Friday, 7 January 2011

Tantalising "T gardens from tip to toe of the UK

I'm hurtling through the alphabet now because there are winter gardens in bloom here (yes, even with all the snow and terrible weather we've had!) that I'd like to feature, so onto the tantalising "T"s! Starting with Tintinhull, a charming Somerset garden in the heart of beautiful countryside and definitely worth a look if you're in the vicinity, not least because you can combine it with a visit to East Lambrook Manor, Hestercombe or Lytes Carey. A small, but glorious garden, reputed to be designed in part by Harold Peto of Iford Manor fame, which embodies everything English, including the magnificent house and entrance.
Torosay - a real gem on the romantic island of Mull, just a short ferry ride away from Oban in Scotland. Definitely a garden to put on your wish list if you're planning a trip to the north of Britain. There's a magnificent Italian garden here and wonderful statuary. Splendid in the spring when the azaleas are in bloom and with wonderful views over the sea. There's a new Japanese garden, bog garden and numerous walks through the grounds. Also spectacular in autumn when the trees are changing colour.
Back to the south of England and, if it's open for the NGS, make sure you visit Town Place in Sussex. You'll see incredible rose displays (above); an impressive herb garden, a long and colourful herbaceous border and much more. Many other gardens to visit locally if you're in Sussex, including Borde Hill, Nymans and Wakehurst Place. 
Trebah is the first of two tantalising "T" gardens in Cornwall - a glorious 25-acre estate that you'll be hard pressed to cover in one visit. Stunning views over the Helford estuary and there's a wonderful place to rest at the bottom of the garden when you reach the beach. Staggering spring displays of rhododendrons and hydrangeas you'll never forget in late summer!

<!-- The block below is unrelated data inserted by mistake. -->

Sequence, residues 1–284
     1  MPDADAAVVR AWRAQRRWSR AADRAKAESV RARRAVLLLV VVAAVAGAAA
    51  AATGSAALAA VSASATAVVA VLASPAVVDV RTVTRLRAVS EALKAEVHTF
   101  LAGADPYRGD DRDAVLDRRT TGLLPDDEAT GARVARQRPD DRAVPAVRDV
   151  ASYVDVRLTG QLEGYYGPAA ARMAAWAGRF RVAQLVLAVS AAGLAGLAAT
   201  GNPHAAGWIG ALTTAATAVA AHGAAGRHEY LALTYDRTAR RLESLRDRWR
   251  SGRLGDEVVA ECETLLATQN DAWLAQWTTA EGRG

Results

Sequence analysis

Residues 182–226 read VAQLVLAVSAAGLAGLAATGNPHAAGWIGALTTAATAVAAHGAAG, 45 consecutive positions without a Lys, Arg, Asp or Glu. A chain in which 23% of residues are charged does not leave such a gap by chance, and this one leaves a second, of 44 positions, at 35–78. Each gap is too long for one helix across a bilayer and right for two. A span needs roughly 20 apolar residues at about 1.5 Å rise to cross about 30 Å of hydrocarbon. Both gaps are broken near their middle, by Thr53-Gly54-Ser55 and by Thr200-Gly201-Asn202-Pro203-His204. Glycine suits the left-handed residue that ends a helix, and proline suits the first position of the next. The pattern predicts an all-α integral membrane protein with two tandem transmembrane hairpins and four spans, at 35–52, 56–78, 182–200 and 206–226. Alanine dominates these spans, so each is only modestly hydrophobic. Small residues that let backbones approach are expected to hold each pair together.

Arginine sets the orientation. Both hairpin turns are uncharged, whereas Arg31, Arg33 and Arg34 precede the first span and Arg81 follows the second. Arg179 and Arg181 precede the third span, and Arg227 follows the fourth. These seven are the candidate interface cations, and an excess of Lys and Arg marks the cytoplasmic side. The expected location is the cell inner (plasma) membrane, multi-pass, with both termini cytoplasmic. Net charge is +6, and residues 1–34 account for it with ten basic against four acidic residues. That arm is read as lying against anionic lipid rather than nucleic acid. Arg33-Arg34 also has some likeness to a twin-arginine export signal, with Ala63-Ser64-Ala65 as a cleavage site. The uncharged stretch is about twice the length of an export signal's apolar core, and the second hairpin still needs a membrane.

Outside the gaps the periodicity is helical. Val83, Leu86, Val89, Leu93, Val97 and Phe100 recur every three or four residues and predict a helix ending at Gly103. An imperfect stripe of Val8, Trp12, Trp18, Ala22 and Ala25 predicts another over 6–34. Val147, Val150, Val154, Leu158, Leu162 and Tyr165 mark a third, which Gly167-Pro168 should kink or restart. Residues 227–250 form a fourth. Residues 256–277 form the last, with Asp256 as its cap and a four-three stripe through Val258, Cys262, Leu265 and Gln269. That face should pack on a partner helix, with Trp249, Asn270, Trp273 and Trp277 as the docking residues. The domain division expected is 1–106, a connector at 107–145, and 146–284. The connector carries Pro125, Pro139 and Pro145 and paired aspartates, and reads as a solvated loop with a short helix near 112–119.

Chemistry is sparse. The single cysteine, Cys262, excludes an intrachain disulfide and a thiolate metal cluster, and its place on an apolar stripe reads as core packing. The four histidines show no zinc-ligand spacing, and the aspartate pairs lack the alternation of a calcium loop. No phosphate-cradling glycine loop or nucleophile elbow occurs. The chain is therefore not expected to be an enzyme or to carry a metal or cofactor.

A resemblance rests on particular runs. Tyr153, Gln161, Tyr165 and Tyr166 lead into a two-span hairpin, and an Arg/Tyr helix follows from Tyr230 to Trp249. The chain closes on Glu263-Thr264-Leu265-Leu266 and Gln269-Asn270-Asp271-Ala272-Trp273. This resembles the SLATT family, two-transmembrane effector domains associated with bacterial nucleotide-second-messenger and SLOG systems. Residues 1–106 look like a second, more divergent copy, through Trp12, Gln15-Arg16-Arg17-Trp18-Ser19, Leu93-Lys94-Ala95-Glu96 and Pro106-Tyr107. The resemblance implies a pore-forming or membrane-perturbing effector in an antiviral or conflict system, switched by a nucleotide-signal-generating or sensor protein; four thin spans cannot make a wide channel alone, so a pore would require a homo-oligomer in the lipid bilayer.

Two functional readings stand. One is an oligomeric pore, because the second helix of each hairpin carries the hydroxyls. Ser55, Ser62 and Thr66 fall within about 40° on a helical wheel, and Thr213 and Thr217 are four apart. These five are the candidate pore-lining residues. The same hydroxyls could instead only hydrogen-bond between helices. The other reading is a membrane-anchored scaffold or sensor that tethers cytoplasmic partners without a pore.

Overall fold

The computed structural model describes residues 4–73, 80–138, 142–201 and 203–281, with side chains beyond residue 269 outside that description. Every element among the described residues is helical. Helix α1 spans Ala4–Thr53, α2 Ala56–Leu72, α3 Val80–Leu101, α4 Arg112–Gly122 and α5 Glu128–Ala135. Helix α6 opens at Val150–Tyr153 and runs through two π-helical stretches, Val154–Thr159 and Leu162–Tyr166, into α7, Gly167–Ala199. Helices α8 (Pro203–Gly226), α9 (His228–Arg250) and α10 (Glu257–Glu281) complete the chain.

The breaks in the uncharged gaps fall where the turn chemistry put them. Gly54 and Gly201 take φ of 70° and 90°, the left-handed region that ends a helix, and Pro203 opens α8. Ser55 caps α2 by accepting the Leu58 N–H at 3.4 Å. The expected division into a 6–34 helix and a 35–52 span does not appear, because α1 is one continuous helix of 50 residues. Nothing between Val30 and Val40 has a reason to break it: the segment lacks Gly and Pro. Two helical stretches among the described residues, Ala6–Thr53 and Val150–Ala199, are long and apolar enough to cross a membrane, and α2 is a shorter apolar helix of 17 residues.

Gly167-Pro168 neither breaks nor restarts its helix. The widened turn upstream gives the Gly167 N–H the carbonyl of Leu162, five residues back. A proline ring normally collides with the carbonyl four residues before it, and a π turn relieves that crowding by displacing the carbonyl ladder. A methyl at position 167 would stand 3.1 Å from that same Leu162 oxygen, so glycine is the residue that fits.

Tremenheere will remain imprinted on my heart forever after my first visit there this autumn. This glorious garden is in the making - brainchild of Neil Armstrong, who believes in "wild" gardens in the William Robinson tradition. This garden has a unique location, incredible views over St Michael's Mount and promises to be one of the really great gardens of the future, rivalling many other "greats" in Britain. I'll certainly be making a special trip to Cornwall to see this amazing site again in the spring.

9 comments:

  1. Ooohh, I do so like the look of the last garden Tremenheere. It looks as if there's lots of interesting plantings ... and what a magnificent view to top it all off!

    ReplyDelete
  2. Hi Charlotte, i love the photo of Tintinhul which is one of my favourites...such an intimate garden

    ReplyDelete
  3. I could not get past the huge chess set.

    ReplyDelete
  4. In reference to your earlier post on Moongate Gardens, check out this blog...

    http://stoneartblog.blogspot.com/2011/01/stone-woman-thea-alvin.html

    Larry

    ReplyDelete
  5. Wow...those are dream gardens...that one with the bridge over the pond, wow!

    ReplyDelete
  6. From my armchair, I never get tired of your journeys Charlotte.

    ReplyDelete
  7. The scope of your travels amazes me! We are so blessed to benefit from them...my list of gardens to visit just keeps growing ;)

    ReplyDelete
  8. Dear Charlotte, Five more fabulous gardens to add to my list! Wishing you a happy and healthy 2011! And, of course, safe traveling! P x

    ReplyDelete
  9. I've visited a couple of these gardens, but I now have a further three on my list. If I went to all the gardens I'd like to see, my own would be even more of a wilderness than it already is!

    ReplyDelete